Sumatra Travel Guide
Book your individual trip, stress-free with local travel experts
Book your individual trip, stress-free with local travel experts
Sumatra offers a breath of fresh air for those travellers looking to escape the chaos of Java. An explorer’s paradise, the vast majority of the island remains undiscovered. Most of the highlights are in the north at places like Bukit Lawang, a jungle-shrouded river offering the best chance in Indonesia to see orang-utans in the wild; Danau Toba, Southeast Asia’s largest lake and a magical place to lose a few days and relax in one of the numerous waterside resorts on the island of Samosir; and the stunning crater lake of Danau Maninjau. On the west coast lies Padang, recently rebuilt after the horrific earthquake of September 2009 and set within easy reach of dozens of idyllic islands including the remote Mentawai, filled with adventure potential. Near Sumatra’s southern tip and just a short ferry hop from Java sits Bandar Lampung, within striking distance of Krakatau and the surfing hub of Krui.
Getting around Sumatra on public transport can be gruelling – distances are vast, the roads tortuous and the driving hair-raising. The good news is that many of Indonesia’s domestic airlines have made safety a higher priority and now offer affordable connections to all the major centres in Sumatra. While most travellers these days skip to North Sumatra in a matter of minutes, those with time on their hands should take advantage of a fast-disappearing phenomenon in Southeast Asia: the unbeaten path.
The popular tourist resort of Bukit Lawang, tucked away on the easternmost fringes of the Gunung Leuser National Park, 78km north of Medan, is home to the Orang-Utan Rehabilitation Centre. On November 2, 2003, a flash flood ripped through the heart of the resort leaving more than two hundred dead, including five tourists. The rebuilding process is finally complete and the decimated area across from the feeding centre has regained much of its former buzz. With a wonderful selection of treks into the heart of the jungle, whitewater adventures and some of the best opportunities to see wild orang-utan in the world, this is a destination worth visiting.
Bukit Lawang has a stunning location below curtains of thick jungle on the banks of the Bohorok River. Aside from relaxing at one of the numerous cafés and bars, the main attractions are the feeding times behind the Orang-Utan Rehabilitation Centre and the treks in the Gunung Leuser National Park.
The reason for the existence of the tourist resort is the Bukit Lawang Bohorok Orang-Utan Rehabilitation Centre (wwww.orangutans-sos.org), founded in 1973 by two Swiss women, Monica Borner and Regina Frey, with the aim of returning captive and orphaned orang-utans into the wild after re-teaching them the art of tree climbing and nest building. The rehabilitation programme was suspended a while ago and though the centre is still open, it is more a tourist attraction than anything else.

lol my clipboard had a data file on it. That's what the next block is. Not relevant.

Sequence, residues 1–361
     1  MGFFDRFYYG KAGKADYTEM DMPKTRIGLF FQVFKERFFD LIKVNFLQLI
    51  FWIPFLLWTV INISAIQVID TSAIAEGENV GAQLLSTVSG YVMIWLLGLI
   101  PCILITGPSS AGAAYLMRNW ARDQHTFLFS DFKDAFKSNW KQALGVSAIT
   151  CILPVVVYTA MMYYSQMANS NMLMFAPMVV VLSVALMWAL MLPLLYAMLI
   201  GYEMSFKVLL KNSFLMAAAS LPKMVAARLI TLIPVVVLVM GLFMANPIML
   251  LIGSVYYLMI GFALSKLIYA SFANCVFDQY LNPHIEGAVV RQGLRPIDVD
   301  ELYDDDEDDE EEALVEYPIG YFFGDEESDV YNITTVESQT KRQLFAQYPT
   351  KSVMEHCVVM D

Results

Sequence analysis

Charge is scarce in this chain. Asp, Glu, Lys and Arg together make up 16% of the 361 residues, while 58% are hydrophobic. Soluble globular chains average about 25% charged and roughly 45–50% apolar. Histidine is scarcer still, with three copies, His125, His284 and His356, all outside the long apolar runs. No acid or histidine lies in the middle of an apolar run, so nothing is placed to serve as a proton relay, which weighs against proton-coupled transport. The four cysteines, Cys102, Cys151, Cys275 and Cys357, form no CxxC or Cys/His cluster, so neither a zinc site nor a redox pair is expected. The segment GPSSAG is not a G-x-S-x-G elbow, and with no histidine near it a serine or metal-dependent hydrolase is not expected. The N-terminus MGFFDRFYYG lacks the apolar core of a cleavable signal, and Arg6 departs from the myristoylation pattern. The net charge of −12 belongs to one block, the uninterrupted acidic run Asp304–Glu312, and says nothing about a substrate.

Visitors are allowed to watch the twice-daily, hour-long feeding sessions that take place on the hill behind the centre. All visitors must have a permit from the PHPA office. All being well, you should see at least one orang-utan during the session, and to witness their gymnastics is to enjoy one of the most memorable experiences in Indonesia.
Tubing – the art of sitting in the inflated inner tube of a tyre as it hurtles downstream, battered by the wild currents of the Bohorok – is popular though not without risk. The tubes can be rented from almost anywhere in Bukit Lawang. If you’re not a strong swimmer, consider tubing on a Sunday, when the locals employ a rescue team along the more dangerous stretches of the river around Bukit Lawang. The rapids can be quite extreme after heavy rain, so should be attempted with caution if you are without a guide. There is a bridge 12km downstream (2–3hrs) of the village, from where you can catch a bus back.
Bukit Lawang is the most popular base for organizing treks into the Gunung Leuser National Park, with plenty of guides based here. If you want only a short day-trek, a walk in the forest around Bukit Lawang is fine, and your chance of seeing monkeys, gibbons, macaques and, of course, orang-utans is high. A range of treks is on offer, including a week-long slog towards Ketambe in Aceh province, passing through some excellent tracts of primary forest. Increasingly, visitors are heading deep into the jungle to reach Tangkahan, which offers elephant-mounted treks and whitewater rafting. One of the most popular (and enjoyable) options from Bukit Lawang remains the full-day trek, which includes lunch and finishes with a thirty-minute trip to Bukit Lawang through the rapids on an inflatable tube raft. You must have a permit for every day that you plan to spend in the park, and you must also have a guide, and should also be careful when choosing – make sure they have ITGA approval. Guides supplied by the Jungle Inn have the best repuation. Whoever you decide to hire, they should never feed, touch or even call the orang-utans. Keep an eye out for the notorious Mina, a mischevious, semi-wild female known for intimidating visitors and occasionally descending from the trees to give chase.